Google has opened up more of its search analysis data to the public in a new product offering called Hot Trends.
A cross between the search giant’s parallel Zeitgeist and Trends offerings, which give journalists and other consumers access to search query popularity metrics, Hot Trends displays the hottest web searches on a more frequent basis.
The service, which is integrated with Google Trends, shows the fastest-rising Google searches in the US, giving an insight in to the inquisitive mood of the web world – and a potential heads-up to marketers looking to spot the latest hot memes.
The Hot Trends results cross-reference search popularity with related news and blog articles and with search results themselves.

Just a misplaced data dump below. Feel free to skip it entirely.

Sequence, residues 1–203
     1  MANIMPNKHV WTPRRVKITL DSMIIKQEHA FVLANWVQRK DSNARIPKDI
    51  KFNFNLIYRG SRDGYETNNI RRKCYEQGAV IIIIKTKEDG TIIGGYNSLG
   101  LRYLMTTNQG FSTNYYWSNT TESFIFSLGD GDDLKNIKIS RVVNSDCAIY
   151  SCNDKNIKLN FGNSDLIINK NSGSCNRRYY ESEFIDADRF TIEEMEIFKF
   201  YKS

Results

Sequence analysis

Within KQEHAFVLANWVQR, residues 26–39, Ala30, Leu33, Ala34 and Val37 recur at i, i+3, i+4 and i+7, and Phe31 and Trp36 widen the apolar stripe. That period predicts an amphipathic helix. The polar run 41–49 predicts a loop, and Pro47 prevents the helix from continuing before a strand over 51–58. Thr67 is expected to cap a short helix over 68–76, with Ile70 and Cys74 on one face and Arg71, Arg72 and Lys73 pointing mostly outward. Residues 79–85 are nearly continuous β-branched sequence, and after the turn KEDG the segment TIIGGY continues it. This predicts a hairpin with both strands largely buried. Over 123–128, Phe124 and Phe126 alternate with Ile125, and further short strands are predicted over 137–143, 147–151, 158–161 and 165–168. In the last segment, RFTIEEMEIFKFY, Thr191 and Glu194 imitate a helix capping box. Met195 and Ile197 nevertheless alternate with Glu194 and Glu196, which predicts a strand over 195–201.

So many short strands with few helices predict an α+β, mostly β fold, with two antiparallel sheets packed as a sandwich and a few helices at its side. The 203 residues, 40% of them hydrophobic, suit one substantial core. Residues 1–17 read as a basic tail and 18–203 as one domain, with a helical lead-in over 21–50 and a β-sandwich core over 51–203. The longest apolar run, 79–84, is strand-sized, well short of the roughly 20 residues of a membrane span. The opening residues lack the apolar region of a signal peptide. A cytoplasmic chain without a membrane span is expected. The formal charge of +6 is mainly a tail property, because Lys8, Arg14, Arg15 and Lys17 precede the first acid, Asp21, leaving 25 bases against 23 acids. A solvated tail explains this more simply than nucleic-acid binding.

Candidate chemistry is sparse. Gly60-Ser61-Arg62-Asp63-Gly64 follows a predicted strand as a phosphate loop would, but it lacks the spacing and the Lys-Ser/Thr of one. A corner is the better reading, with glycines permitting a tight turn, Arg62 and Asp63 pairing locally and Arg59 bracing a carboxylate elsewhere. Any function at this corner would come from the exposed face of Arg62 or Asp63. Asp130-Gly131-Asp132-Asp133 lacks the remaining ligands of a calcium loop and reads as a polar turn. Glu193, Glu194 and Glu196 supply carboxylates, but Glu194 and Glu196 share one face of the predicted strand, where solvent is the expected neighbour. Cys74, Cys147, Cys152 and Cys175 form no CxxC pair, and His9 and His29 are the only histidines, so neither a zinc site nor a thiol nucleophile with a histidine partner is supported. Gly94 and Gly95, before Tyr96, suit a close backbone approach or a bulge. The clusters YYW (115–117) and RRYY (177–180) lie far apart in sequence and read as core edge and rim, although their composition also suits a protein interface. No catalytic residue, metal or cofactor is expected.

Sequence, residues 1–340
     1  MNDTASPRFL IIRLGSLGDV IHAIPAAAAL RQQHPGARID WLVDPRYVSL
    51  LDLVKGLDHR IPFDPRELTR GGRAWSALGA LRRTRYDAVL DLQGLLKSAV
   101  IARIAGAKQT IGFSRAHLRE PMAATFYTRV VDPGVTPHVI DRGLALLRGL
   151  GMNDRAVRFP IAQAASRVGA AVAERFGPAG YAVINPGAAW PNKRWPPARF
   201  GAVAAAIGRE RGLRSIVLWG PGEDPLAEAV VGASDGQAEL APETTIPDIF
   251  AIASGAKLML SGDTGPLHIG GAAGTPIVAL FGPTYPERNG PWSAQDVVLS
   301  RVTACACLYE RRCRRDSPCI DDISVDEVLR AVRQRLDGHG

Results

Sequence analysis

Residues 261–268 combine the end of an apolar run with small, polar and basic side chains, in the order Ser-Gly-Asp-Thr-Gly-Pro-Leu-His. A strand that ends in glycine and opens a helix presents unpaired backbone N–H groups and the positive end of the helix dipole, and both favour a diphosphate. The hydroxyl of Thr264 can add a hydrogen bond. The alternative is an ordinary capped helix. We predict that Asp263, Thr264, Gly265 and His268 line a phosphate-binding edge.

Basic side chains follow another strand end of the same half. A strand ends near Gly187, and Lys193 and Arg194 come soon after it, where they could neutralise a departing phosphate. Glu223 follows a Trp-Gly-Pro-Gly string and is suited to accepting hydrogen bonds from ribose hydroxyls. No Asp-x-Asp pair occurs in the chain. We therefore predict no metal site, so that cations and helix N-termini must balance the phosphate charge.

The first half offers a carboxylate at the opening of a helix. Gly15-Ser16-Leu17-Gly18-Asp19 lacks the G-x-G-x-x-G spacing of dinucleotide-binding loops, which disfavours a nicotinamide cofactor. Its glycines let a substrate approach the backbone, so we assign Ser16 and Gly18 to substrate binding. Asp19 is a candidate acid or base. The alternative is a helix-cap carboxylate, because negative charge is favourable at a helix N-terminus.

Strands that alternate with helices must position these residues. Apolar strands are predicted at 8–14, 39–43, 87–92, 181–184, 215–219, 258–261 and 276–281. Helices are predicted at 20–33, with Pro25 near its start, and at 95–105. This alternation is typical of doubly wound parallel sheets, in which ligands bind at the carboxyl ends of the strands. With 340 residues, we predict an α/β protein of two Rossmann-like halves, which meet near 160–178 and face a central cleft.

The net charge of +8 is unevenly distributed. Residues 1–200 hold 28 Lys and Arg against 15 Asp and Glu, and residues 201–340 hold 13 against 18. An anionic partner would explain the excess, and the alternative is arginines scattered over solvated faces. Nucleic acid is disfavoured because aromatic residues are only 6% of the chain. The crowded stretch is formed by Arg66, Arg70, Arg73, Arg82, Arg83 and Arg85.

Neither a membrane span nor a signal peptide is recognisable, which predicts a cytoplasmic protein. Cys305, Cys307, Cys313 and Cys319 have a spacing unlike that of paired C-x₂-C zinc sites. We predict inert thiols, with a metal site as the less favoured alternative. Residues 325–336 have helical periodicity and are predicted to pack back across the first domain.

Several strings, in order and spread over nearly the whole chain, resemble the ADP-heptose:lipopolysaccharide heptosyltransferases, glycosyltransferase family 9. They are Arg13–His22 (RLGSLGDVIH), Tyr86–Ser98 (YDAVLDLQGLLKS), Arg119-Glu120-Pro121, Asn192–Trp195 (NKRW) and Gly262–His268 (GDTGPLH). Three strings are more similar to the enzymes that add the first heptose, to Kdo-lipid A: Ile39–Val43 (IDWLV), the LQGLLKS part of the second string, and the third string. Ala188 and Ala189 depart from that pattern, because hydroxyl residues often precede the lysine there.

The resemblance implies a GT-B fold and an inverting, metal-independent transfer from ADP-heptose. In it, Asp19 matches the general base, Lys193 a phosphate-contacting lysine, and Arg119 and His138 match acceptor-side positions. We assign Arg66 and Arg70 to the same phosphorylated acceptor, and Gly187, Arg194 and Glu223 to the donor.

The list of the top 100 fastest-moving searches shows a prevalence of US TV shows American Idol and The Bachelor.
Meanwhile, Google also added deeper navigability to its core Trends offering, which lets users specify their own keywords on which to check search volume.
The changes drill the data down the city level so that users can, for example, see that, in Wales, more people in Cardiff searched for “Valentine’s Day” this year than in the Rhondda.
According to an email from Google:
“Users can now compare the leading presidential candidates around the country, for instance, or find out what region in France is crazy about cognac.”